Just one day later, Sept 6
Subcommittee on National Parks Oversight Hearing, 9/13/06
The Committee on Resources, Subcommittee on National Parks will hold an oversight hearing on "Visitation Trends in the National Park System - Part II". The hearing is scheduled for Wednesday, September 13, 2006 at 2:00 p.m. in 1334 Longworth House Office Building. Witnesses will be by invitation only. Subcommittee Chairman, Representative Steve Pearce, Republican of New Mexico

The timing of these releases is probably only coincidental. But, if you believe that it was groups like the ARC which had undue influence over the park planning process, then it isn't a stretch of the imagination to believe that they could be up to some new form of back-room trickery involving our parks. I am no politician. I live in Washington the state, and can only imagine how business in Washington the city is conducted. If the national policy is dictated by the special interest group with the most money, then something needs to change. Here is the process as described in former NPS director Roger Kennedy's new book "Wildfire and Americans":
Changing things will not be easy. The inertia of vested and deeply invested programs and bureaucracies is often sustained long after their initial justifications have faded from memory. That has been the way of agriculture subsidies for crops in surplus, and of tariff protection for ancient arthritic corporations sustained as if they were infant industries. In Washington, the reform-minded learn soon enough that there is a subterranean landscape excavated and bored to accommodate lobbyists' back channels from K Street to Capitol Hill. Along its catacombs of ancient alliances, affinities, conveniences, and habits await doorkeepers, gatekeepers, and guides, holding torches aloft with one hand while keeping the other palm-up for tips. However anachronistic or pernicious an old way of doing business as usual may become, however distant memories of how it all started may be, it will be reinforced from the chambers of that subterranean city until finally something happens to send the rats scurrying back to their lair.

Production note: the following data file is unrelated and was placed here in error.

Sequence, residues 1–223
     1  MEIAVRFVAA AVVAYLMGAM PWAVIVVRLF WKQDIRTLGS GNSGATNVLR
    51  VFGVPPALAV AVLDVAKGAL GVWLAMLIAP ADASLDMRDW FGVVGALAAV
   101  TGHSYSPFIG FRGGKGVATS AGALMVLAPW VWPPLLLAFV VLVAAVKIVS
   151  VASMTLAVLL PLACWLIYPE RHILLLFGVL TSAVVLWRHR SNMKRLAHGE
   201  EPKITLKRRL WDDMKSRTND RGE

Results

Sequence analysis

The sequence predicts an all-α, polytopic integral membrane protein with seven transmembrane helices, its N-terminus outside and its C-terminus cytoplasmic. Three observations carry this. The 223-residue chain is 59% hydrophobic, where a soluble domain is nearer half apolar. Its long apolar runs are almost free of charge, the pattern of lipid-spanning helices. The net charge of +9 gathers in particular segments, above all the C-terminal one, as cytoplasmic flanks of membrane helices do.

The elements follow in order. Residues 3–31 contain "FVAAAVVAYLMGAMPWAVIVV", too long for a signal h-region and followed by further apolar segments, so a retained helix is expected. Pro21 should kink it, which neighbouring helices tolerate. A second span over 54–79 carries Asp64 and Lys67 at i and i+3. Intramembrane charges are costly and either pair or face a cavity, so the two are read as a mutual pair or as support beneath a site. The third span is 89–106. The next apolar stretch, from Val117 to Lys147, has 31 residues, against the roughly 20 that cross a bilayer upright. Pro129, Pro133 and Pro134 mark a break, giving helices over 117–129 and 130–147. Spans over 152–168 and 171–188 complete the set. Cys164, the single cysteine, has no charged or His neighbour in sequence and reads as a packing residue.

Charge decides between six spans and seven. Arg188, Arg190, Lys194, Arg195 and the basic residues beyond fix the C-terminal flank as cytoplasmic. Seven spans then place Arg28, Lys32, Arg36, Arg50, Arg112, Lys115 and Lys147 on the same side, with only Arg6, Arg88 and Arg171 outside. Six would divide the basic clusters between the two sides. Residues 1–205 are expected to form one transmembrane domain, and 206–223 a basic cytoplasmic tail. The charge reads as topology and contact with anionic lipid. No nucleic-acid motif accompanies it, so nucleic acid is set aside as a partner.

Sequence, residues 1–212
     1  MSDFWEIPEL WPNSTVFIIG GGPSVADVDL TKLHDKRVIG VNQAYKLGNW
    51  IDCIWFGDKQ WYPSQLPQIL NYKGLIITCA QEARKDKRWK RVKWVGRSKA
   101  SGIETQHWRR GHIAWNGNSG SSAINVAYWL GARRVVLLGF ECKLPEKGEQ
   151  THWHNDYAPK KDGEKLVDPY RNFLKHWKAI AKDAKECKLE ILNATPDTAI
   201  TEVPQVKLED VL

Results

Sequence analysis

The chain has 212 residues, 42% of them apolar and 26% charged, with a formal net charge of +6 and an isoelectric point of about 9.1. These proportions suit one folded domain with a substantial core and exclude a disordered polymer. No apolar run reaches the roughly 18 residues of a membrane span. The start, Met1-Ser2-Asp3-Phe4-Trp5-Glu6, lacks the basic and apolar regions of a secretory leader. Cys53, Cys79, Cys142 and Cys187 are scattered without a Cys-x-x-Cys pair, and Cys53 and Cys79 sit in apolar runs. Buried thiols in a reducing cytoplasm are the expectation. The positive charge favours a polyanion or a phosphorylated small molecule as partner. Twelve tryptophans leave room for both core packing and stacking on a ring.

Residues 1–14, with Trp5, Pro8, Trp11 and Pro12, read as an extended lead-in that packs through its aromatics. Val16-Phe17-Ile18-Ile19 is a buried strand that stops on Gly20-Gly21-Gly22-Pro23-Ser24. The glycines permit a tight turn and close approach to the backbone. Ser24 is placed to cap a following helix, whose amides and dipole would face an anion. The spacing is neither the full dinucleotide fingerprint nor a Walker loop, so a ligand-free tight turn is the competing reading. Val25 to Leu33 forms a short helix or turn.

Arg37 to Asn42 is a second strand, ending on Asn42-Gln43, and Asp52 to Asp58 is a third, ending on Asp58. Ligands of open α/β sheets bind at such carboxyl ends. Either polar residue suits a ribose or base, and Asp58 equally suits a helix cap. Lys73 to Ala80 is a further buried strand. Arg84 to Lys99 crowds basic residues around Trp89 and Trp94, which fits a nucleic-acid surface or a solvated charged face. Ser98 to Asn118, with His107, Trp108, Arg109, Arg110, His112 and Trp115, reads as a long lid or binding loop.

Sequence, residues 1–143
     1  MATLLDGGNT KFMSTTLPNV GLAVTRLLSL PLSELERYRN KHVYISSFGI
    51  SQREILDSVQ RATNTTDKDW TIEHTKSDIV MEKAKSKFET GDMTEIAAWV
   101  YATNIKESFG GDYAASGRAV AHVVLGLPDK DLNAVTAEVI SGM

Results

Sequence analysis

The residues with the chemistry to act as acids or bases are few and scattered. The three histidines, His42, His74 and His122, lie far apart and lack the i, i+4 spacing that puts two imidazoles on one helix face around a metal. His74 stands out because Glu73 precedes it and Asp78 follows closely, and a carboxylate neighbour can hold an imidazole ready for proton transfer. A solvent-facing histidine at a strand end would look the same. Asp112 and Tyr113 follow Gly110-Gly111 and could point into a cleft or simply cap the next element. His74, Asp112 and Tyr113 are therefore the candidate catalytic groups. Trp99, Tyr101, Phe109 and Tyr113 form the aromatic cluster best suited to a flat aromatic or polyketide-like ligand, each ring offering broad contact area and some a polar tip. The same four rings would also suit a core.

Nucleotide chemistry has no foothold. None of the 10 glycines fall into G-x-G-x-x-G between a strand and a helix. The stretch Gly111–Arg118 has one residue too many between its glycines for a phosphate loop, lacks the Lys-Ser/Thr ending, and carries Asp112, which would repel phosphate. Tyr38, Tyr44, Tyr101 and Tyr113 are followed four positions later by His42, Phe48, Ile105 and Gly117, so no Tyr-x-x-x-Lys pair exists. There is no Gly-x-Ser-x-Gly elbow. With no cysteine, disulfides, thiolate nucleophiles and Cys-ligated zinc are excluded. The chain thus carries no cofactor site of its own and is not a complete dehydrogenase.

What will that "something" be? I don't know. For now, I can only hope to shine my little flashlight in the direction of these rats with the hope that other like minded folks will do the same. With enough light, we may be able to scare the rats back into their hole for awhile.